These are from a great little book from 1942. It's simply titled How to draw Children, by Priscilla Pointer and is part of a series of how to art books.
I love how one of the sketches is of smiling children boxing.
This is based on a story I heard many years ago called the Seaton sailor. I like the idea that the sailor is seeing the ghost of his future self dying in the arms of his great love. The original teller thought it was simply an expression of the call the sea has on the lives of some.
Its been an incredibly busy and frustrating few months with a lot of interesting lessons learned. The most interesting of the lessons was defining a major difference between prfessionals and amatuers.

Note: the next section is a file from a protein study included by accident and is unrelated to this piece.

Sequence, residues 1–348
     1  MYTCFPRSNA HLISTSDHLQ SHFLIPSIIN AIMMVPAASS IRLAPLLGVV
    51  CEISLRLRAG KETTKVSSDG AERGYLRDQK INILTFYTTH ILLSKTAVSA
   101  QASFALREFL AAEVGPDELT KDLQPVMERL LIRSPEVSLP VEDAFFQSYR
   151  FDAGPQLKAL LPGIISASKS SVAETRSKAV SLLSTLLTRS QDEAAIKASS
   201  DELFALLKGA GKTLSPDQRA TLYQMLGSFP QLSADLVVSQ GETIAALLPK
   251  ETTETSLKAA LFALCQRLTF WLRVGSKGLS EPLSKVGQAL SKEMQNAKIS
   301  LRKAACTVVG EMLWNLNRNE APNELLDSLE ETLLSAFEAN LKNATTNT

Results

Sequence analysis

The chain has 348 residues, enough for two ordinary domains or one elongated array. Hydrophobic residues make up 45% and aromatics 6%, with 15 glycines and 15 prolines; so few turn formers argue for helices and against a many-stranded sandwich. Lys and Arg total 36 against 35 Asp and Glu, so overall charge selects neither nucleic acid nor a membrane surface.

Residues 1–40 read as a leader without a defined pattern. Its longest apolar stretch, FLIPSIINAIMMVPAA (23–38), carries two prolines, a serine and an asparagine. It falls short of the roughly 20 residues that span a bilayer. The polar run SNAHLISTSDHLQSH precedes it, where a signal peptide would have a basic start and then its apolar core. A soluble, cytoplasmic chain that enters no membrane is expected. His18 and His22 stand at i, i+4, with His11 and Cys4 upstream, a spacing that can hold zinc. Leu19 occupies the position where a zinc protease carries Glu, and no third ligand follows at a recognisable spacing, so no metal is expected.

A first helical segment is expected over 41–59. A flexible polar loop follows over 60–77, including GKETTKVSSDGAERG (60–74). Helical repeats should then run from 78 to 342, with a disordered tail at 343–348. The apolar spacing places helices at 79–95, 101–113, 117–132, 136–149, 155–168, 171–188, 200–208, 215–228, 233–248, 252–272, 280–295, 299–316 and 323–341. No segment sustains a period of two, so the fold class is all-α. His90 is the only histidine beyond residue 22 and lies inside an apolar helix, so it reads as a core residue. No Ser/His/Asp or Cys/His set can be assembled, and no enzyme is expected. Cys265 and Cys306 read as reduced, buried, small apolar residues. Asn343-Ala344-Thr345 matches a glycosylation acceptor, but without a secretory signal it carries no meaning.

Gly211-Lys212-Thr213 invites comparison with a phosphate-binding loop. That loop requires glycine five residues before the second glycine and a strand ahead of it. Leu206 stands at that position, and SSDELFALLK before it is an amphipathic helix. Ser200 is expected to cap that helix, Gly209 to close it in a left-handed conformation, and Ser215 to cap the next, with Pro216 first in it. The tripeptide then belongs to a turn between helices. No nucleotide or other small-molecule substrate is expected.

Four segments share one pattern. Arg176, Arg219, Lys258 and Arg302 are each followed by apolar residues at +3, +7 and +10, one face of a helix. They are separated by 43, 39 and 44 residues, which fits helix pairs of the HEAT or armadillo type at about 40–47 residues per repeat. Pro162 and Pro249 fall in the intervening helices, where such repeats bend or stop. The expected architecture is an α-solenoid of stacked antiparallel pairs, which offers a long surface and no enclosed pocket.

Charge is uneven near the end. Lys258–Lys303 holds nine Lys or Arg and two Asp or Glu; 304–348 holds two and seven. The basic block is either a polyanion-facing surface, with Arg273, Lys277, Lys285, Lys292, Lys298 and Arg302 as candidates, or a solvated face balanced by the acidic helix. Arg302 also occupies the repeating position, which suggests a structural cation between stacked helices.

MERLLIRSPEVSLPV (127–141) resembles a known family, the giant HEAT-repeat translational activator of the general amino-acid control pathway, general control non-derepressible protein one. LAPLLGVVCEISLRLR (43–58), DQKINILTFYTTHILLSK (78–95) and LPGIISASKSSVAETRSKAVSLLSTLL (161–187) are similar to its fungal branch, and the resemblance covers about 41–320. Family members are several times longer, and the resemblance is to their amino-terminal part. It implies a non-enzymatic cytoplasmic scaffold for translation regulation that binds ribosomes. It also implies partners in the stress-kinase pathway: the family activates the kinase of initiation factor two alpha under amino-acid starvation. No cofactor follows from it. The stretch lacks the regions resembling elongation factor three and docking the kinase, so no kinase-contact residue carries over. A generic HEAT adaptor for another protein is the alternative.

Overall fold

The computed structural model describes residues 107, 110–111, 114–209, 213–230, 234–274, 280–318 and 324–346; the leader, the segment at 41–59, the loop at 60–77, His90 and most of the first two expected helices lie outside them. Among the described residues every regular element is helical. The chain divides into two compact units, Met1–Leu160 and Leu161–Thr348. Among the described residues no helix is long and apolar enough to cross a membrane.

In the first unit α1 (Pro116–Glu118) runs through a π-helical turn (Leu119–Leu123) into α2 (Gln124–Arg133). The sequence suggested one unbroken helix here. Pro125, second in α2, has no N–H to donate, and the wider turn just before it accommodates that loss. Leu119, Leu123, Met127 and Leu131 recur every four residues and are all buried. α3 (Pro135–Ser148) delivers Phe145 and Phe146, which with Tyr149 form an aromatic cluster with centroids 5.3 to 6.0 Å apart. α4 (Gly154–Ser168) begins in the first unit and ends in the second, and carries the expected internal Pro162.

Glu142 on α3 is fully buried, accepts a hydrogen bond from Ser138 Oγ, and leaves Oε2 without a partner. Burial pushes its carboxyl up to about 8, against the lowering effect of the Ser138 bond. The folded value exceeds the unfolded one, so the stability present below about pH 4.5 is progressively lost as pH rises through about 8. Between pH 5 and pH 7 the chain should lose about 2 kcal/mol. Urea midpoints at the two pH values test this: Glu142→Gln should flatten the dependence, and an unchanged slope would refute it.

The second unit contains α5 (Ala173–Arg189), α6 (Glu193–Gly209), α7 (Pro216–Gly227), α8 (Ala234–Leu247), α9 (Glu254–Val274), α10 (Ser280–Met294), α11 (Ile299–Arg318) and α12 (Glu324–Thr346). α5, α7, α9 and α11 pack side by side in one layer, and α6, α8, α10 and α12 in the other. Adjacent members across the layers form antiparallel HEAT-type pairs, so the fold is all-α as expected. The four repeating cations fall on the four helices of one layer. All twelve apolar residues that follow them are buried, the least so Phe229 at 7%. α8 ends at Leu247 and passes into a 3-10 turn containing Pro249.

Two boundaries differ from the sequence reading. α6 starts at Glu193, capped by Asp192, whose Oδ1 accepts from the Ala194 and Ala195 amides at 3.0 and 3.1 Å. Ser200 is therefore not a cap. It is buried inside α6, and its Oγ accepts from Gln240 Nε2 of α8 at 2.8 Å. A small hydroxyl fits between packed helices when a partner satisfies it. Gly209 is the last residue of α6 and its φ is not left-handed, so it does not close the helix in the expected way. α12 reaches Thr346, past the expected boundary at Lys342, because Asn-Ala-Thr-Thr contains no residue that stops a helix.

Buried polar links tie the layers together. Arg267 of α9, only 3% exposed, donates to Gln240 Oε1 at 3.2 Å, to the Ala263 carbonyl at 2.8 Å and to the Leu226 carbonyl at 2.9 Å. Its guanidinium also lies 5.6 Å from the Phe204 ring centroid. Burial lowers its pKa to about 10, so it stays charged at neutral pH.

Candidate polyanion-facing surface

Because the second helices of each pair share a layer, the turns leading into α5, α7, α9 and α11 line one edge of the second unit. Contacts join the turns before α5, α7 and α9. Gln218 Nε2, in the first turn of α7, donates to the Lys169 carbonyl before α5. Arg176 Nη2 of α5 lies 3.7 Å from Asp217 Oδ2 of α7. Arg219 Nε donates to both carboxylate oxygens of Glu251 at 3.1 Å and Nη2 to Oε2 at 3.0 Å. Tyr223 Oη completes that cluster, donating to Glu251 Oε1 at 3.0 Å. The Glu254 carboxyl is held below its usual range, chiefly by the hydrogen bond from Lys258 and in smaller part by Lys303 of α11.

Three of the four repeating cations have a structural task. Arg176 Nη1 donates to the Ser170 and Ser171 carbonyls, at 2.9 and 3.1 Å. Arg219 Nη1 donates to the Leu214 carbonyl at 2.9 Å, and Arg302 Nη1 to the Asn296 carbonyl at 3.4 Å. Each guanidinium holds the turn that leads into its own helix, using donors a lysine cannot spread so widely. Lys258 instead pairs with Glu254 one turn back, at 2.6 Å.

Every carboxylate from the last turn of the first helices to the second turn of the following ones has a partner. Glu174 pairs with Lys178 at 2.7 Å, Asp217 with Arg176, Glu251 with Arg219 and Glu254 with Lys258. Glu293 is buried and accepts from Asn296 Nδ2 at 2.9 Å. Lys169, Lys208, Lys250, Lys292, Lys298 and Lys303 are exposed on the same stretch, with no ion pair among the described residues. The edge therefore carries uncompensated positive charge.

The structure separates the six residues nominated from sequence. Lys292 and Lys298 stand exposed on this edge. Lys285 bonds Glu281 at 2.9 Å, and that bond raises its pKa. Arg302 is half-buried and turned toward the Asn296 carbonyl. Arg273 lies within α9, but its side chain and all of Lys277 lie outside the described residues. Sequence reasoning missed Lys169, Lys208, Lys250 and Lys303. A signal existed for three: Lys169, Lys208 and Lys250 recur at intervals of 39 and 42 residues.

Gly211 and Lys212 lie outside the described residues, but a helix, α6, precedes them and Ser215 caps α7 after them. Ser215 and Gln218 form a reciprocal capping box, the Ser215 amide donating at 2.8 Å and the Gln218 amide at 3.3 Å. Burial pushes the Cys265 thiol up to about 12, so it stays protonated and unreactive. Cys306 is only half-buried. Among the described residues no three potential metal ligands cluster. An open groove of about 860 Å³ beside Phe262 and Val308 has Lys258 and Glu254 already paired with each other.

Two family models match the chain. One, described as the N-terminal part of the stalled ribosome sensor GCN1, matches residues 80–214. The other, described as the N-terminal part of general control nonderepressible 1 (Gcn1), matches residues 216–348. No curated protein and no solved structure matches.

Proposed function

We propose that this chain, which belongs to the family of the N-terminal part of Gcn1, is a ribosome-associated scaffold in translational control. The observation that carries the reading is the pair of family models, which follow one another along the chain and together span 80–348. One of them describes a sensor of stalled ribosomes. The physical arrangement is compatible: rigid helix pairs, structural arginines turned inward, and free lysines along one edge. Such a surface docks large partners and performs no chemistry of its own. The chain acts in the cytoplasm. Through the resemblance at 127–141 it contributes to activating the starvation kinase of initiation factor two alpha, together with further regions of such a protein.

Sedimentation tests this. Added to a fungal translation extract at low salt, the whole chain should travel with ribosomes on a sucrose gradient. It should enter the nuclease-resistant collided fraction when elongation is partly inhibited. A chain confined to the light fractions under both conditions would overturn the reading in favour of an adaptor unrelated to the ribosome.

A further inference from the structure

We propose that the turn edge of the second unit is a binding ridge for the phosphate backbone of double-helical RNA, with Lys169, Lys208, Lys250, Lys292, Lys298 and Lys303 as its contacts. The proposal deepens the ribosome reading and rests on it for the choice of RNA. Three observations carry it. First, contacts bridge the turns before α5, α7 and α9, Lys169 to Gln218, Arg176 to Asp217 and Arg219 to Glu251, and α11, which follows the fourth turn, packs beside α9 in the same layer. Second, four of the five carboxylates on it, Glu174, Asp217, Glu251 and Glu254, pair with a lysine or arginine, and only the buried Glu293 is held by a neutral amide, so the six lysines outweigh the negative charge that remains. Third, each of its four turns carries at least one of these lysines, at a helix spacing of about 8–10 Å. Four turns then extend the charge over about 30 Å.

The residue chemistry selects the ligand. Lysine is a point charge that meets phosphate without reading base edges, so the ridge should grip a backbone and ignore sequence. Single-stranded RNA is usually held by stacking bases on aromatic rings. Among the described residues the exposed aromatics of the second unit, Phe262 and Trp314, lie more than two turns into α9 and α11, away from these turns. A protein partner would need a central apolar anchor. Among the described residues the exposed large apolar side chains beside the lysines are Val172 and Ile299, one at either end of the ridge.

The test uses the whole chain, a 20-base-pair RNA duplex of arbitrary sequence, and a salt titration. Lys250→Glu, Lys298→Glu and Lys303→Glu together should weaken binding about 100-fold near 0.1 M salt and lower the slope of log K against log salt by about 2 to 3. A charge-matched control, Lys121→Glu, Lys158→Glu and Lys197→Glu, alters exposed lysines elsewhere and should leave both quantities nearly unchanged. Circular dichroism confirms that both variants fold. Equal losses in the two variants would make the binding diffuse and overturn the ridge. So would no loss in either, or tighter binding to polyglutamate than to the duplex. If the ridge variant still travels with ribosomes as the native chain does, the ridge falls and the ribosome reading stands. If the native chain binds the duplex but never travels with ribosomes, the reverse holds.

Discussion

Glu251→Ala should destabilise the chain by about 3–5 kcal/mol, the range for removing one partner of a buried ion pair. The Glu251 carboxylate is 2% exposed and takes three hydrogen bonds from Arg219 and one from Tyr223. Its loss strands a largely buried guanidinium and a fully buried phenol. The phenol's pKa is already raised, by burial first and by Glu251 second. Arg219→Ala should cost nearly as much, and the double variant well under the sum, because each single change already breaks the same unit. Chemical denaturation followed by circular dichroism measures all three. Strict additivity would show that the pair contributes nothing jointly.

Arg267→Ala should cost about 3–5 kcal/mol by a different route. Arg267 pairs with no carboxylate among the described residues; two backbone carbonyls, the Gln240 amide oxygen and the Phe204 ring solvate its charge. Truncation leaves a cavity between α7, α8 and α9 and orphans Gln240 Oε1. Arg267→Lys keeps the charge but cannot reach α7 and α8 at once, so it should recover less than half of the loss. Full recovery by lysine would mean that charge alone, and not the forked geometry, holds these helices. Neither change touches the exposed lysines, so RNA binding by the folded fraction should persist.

At one poinnt I spent a day helping a friend to fit a kitchen. Now this guy does this for a living. He is an extremely skilled and competent craftsman. At one point he was cutting some very nice worktop and the laminate broke at one end, snagged by the saw tooth, leaving a large and very obvious triangle of bare wood exposed. As an amateur my immediate response was to panic and figure that's £60 quid of worktop to replace. Not so the professional. My friend worked out the depth of the tiles and splashback that would sit on the worktop, measured the overlap at the front then took a couple of centimetres off the back with a circular saw and within 20 minutes you would never have known there was a problem. "Its about what the customer can see, not what they cant." He told me. Thats when I realised professionals mess up but they deal with it and amateurs just start again. Applied to art this is especially key. Its so easy to trash a drawing or painting because of it's errors and start again and again and never really finish anything. You never realise that often you are the only one seeing the errors. So with that in mind I'm stepping up productivity. First a weekly diary/journal strip and then looking too expand further.